Veteranclaims’s Blog

September 3, 2009

Federal Circuit Affirms Widows Exemption from SBP-DIC

Filed under: Uncategorized — veteranclaims @ 8:53 pm

Three widows argued successfully before the U.S. Court of Federal Claims, and now before a three-judge panel of the U.S. Court of Appeals for the Federal Circuit, that the plain meaning of the Veterans Benefits Act of 2003 exempted them and any other widow who remarries after age 57 from the SBP-DIC offset.

DIC, a tax-exempt payment, is payable when a military member dies on active duty or dies in retirement from a service-connected condition. But a surviving spouse who draws DIC sees her SBP reduced by an equal amount.

Full Article:WIDOWS’ SBP WIN UPHELD

— A federal appeals court has upheld a lower court’s ruling that the Defense Department unlawfully withheld from three military widows — and probably 400 others — full survivor benefit payments owed to them since Dec. 16, 2003.

On that date, the Veterans Benefits Act of 2003 (Public Law 108-183) became law and restored eligibility for VA Dependency and Indemnity Compensation (DIC) to military surviving spouses who remarry after age 57.

But three widows argued successfully before the U.S. Court of Federal Claims, and now before a three-judge panel of the U.S. Court of Appeals for the Federal Circuit, that the 2003 law did something more:

It exempted this same small group of widows from the onerous dollar-for-dollar reduction in military Survivor Benefit Plan (SBP) payments that occurs when a survivor spouse chooses to receive DIC.

DIC, a tax-exempt payment, is payable when a military member dies on active duty or dies in retirement from a service-connected condition. But a surviving spouse who draws DIC sees her SBP reduced by an equal amount.

Patricia A. Sharp, Margaret M. Haverkamp and Iva Dean Rogers argued that the plain meaning of the 2003 statute exempted them and any other widow who remarries after age 57 from the SBP-DIC offset.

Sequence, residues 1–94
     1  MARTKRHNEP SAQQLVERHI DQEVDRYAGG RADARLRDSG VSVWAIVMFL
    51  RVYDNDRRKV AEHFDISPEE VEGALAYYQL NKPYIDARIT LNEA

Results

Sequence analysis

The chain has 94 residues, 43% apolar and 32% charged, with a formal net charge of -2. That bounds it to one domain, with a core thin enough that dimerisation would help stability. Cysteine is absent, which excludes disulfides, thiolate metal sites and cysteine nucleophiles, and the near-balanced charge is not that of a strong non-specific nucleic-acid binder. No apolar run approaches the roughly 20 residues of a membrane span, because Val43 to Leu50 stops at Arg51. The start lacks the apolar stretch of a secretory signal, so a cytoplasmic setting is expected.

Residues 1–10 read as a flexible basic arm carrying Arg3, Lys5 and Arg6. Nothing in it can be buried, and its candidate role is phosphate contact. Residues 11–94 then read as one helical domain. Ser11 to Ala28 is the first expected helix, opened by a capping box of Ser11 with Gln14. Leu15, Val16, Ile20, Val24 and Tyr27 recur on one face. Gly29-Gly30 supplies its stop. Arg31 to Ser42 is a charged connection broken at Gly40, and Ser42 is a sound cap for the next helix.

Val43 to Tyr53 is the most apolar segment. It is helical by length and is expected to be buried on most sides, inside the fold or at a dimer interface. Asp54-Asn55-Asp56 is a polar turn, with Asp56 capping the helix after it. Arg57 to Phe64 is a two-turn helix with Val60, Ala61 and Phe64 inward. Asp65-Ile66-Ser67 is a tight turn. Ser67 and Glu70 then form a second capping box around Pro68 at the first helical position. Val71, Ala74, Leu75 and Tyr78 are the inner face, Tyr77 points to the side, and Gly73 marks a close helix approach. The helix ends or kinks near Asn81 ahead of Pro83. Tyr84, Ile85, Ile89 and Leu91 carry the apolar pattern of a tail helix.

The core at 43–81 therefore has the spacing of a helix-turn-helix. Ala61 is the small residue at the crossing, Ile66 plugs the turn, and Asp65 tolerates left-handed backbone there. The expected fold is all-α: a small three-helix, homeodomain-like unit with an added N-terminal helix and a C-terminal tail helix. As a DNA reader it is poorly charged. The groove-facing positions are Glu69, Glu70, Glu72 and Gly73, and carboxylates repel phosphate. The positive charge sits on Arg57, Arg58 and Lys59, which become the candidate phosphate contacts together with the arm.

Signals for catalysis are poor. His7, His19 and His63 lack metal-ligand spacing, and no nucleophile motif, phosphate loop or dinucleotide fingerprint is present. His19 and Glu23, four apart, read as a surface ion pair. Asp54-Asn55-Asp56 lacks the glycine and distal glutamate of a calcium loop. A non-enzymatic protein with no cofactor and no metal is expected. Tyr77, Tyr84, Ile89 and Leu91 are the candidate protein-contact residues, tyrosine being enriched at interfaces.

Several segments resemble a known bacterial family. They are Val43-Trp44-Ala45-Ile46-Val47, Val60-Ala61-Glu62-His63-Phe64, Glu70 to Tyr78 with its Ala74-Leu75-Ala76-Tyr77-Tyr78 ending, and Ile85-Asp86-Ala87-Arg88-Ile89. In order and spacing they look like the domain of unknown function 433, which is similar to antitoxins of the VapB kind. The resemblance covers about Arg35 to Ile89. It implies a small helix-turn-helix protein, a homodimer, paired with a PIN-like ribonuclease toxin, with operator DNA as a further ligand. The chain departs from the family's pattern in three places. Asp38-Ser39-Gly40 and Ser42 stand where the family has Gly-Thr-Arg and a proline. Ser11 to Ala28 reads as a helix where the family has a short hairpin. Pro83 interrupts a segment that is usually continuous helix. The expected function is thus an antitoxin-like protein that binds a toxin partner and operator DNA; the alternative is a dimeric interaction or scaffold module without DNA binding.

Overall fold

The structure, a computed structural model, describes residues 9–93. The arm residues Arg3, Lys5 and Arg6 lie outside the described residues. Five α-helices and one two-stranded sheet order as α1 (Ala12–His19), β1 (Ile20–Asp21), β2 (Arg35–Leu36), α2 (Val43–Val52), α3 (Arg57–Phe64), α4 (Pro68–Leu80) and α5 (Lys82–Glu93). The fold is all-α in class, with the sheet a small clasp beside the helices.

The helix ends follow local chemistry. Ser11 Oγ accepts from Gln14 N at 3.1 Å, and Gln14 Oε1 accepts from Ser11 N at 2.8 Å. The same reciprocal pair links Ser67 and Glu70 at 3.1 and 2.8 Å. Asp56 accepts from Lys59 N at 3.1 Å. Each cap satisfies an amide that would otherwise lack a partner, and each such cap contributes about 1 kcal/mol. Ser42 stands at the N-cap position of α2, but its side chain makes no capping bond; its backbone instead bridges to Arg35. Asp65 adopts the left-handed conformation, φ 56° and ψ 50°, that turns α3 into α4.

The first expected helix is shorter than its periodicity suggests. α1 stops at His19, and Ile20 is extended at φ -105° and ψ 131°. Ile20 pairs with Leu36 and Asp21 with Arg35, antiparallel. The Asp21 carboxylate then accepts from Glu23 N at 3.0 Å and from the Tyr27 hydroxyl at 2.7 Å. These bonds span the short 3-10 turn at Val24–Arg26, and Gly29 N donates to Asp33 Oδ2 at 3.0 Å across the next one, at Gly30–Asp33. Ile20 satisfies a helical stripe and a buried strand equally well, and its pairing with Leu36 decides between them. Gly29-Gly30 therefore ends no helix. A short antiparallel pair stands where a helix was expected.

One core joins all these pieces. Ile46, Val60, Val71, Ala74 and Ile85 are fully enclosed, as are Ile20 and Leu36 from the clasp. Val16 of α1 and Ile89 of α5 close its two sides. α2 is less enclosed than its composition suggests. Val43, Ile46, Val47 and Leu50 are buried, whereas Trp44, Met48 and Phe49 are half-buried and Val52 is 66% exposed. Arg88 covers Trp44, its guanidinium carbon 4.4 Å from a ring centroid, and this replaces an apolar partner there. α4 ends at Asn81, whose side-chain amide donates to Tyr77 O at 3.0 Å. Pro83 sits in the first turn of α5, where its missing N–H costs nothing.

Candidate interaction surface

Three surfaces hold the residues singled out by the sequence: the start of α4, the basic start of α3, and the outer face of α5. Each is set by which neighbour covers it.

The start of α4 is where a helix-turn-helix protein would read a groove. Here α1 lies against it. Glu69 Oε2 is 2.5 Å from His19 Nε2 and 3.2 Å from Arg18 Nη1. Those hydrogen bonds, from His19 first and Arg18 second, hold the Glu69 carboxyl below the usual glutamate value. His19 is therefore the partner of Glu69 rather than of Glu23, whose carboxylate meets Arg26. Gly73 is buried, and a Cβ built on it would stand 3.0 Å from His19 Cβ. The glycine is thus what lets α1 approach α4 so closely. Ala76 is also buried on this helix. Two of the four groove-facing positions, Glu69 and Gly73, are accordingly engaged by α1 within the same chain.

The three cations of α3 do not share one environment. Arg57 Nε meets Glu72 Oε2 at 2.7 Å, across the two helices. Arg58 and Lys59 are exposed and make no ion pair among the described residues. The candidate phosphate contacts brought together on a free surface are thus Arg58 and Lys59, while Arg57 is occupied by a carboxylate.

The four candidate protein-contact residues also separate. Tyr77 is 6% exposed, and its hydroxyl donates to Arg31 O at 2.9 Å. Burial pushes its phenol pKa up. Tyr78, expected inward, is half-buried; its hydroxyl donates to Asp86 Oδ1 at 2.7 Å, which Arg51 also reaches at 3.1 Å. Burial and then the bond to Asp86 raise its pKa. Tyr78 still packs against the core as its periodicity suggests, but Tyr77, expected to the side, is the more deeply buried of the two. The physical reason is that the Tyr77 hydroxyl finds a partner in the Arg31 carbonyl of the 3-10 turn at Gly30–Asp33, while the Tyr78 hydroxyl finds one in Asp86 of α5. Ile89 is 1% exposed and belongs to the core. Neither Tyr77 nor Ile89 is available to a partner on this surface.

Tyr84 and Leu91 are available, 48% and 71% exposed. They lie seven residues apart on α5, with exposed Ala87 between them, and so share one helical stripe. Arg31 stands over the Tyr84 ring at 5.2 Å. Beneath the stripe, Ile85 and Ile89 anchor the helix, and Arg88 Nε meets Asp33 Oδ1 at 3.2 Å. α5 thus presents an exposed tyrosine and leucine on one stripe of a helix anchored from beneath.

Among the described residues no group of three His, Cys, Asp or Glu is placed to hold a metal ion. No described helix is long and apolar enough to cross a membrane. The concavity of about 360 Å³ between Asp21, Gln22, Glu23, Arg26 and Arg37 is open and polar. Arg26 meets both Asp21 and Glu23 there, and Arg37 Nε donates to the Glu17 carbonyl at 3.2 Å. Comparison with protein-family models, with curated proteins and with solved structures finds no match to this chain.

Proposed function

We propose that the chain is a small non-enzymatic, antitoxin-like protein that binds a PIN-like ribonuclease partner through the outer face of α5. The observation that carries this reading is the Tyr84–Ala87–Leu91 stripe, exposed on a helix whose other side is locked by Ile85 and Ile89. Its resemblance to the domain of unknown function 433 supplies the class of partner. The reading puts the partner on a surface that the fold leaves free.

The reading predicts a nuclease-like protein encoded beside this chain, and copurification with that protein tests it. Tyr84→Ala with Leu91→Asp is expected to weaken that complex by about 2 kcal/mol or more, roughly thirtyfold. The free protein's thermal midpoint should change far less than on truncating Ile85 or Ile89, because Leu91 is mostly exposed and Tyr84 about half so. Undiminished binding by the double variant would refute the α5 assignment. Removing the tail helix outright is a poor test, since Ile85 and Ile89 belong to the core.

The appeals court agreed, calling the government’s arguments to the contrary “unconvincing,” including its contention that Congress would not have targeted so small a group of widows for SBP offset relief.

“Perhaps Congress intended to encourage marriage for older surviving spouses,” said the appeals courts in its 11-page decision. “Perhaps section 1311(e) simply represents a first step in an effort to eventually enact full repeal. After all, the service member paid for both benefits: SBP with premiums, DIC with his life.”

“Halleluiah,” said Sharp when told of the decision Aug. 26. The remarried widow of an Army brigadier general said she is owed about $96,000 in forfeited SBP. “I have reinstated confidence in the government of the United States of America for making laws and abiding by them.”

Michael R. Franzinger, a lawyer for the widows, said up to 400 surviving spouses could see more than $35 million in SBP restored over 10 years if the government decides not to appeal either to all 12 judges on the Federal Circuit appeals court or to the U.S. Supreme Court.

Government attorneys had indicated in the lower court that if the ruling was upheld on appeal, Defense officials would work to find and pay all impacted widows rather than require them to apply for benefits owed.”

Advertisements

1 Comment »

  1. I am glad that the widows won so far, but i feel that not just the remarried widows should get this, I feel that all of us widows should benefit from this lawsuit, after all the ones that didn’t remarry should have the same rights as those that did.

    Comment by wanda — September 8, 2009 @ 2:01 pm


RSS feed for comments on this post. TrackBack URI

Leave a Reply

Your email address will not be published. Required fields are marked *

This site uses Akismet to reduce spam. Learn how your comment data is processed.

Powered by WordPress.com.